Next Step for China’s Controversial Dancing Grannies? Endorsement Deals

Wall Street Journal China Real Time Report - Mon, 07/28/2014 - 14:20
For the legions of dancing retirees in China whose late-night public gatherings have made them the target of noise complaints and worse, one popular Beijing group may have hit on the solution: corporate sponsorship.
Categories: China

Business as usual the Chinese way

FT China Feed - Mon, 07/28/2014 - 12:27
What is going on in China fits a pattern of Beijing pushing reform, pausing to avoid too much disruption, then pushing reform again
Categories: China, Tencent Offer Early Preorders of Microsoft’s Xbox in China

Wall Street Journal China Real Time Report - Mon, 07/28/2014 - 04:02
Internet conglomerate Tencent Holdings Ltd. will use its alliance with Inc. to offer early advance sales of Microsoft Corp.'s Xbox One consoles in China.
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China Regulatory Brief: RQFII Expansion & Bilateral Currency Swap Agreement

China Briefing - Mon, 07/28/2014 - 01:14

In this China Regulatory Brief, we review recent expansion of the RMB Qualified Foreign Institutional Investor (RQFII) program and a new bilateral currency swap agreement between China and Switzerland.

The post China Regulatory Brief: RQFII Expansion & Bilateral Currency Swap Agreement appeared first on China Briefing News.

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Plug-In Potential: Why Daimler Is Bullish on Electric Cars in China

Wall Street Journal China Real Time Report - Mon, 07/28/2014 - 00:46
China has so few chargers that one electric-car enthusiast even built his own charging network. But hope springs eternal for auto executives, with one saying China is on its way.
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Big Mac or Big Mackerel? McDonald’s in China Runs Low on Beef

Wall Street Journal China Real Time Report - Sun, 07/27/2014 - 22:17
Big Mac lovers who go to McDonald’s in China are asking one question today: “Hey, where’s the beef?”
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A Million Sign Hong Kong Petition as Democracy Fight Ratchets Up

Wall Street Journal China Real Time Report - Sun, 07/27/2014 - 20:33
The bitter political fight over Hong Kong’s democratic development is deepening.
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China Quake Stories in ‘Fallen City’ to Broadcast on PBS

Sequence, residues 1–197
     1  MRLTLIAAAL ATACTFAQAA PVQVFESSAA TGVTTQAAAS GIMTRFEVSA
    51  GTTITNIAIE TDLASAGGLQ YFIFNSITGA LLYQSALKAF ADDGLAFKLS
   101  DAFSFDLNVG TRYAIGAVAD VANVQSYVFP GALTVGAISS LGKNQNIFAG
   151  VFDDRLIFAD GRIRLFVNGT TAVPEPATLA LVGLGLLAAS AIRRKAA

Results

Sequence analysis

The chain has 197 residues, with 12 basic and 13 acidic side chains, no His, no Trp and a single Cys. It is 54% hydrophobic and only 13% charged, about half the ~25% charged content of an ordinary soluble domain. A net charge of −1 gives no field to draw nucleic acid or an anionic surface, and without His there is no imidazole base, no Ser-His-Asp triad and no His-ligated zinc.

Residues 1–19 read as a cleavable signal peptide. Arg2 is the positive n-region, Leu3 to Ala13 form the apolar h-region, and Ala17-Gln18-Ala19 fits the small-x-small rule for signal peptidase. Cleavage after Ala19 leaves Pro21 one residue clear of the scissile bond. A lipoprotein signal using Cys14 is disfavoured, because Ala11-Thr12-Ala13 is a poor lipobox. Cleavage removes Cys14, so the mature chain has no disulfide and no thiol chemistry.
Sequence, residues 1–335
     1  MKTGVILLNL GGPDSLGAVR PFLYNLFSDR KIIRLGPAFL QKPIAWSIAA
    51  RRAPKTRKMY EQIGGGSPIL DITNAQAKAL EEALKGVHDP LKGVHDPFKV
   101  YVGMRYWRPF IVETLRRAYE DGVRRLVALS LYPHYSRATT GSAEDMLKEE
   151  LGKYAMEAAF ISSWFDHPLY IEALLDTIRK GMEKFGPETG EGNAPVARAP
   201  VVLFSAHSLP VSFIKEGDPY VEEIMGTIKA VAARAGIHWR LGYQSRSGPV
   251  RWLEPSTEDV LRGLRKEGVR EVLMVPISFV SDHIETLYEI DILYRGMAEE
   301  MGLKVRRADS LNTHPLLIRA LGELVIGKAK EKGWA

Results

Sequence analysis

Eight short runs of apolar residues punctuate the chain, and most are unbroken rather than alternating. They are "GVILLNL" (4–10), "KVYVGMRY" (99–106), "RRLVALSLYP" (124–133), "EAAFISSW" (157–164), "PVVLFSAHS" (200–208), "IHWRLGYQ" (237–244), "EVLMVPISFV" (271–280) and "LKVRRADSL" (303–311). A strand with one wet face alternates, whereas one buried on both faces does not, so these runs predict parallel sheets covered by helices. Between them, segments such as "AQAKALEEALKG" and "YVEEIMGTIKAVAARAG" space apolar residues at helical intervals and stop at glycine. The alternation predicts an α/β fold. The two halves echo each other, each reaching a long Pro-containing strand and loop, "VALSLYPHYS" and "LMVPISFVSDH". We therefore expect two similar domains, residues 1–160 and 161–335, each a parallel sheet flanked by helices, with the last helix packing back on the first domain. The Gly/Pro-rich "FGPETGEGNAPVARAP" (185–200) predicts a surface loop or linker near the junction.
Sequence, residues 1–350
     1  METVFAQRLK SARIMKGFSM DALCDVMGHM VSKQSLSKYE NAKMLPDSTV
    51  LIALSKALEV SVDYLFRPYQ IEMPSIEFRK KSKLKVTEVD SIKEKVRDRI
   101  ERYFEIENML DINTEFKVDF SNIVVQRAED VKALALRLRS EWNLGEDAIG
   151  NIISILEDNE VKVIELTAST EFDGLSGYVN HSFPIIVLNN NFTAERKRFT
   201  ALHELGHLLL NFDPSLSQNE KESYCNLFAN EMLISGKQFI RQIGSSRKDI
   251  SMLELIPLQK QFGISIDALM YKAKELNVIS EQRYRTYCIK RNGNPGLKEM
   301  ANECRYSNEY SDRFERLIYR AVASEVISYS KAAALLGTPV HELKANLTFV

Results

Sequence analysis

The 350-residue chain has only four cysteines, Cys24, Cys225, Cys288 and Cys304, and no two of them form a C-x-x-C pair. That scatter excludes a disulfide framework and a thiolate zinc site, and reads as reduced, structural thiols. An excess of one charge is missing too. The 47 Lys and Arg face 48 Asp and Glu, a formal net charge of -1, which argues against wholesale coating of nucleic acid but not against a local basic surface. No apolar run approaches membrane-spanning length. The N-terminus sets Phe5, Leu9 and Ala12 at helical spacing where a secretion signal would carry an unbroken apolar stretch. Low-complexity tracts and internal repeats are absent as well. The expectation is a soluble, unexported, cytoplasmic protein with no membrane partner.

Wall Street Journal China Real Time Report - Sun, 07/27/2014 - 19:51
“Fallen City,” the feature-length directorial debut for Zhao Qi, will have its national broadcast premiere on the PBS documentary series POV on Monday.
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Tiny Luxembourg Wants a Piece of China’s Offshore Currency Market

Wall Street Journal China Real Time Report - Sun, 07/27/2014 - 19:00
Luxembourg wants to be at the heart of a new trend in global finance: the rising use of China's currency outside its home market.
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HK’s House News Closes Citing Political Pressure

China Digital Times - Sun, 07/27/2014 - 17:55

Hong Kong pro-democracy website, blog, and news aggregator House News (主場新聞) has shut down due to a combination of political pressure and low advertising revenue. The South China Morning Post reports:

In a letter posted on the website’s front page, Tony Tsoi Tung-ho, said he and his family had been increasingly influenced by the spreading “white terror” in society, as a number of democracy advocates had been followed, had their past investigated and been smeared.

“As a businessman who frequently travels to and from the mainland, I have to admit that I felt very scared every time I crossed the border,” Tsoi said in the letter.

He is one of 10 professionals to have publicly vowed to take part in the civil-disobedience movement Occupy Central.

[...] House News was founded in 2012 by Tsoi, former adviser to the Central Policy Unit Lau Sai-leung, writer and cultural critic Leung Man-tao and columnist Gregory Sung Hon-sang.

Leung said Tsoi had been paying almost HK$600,000 a month to keep the website running but they could never balance the books. “Despite our popularity, many big companies don’t place advertisements on our website because of our critical stance towards the government and Beijing,” he said. [Source]

At Global Voices, Oiwan Lam translates selections from Tsoi’s shutdown note, as well as commentary from media experts and House contributors:

I am terrified.

Hong Kong has changed. To act as a normal citizen, a normal media outlet and to do something right for society is becoming difficult, or even terrifying — not that you feel alienated, but fearful. The ongoing political struggle makes people very anxious — many democrats are tracked and smeared. Their past records have been dug up. A sense of White Terror lingers in society and I feel the pressure as well. As a businessman who travels frequently to mainland China, I admit that every time I walk past the border, I am scared. Am I being paranoid? It is difficult to explain the feeling to outsiders.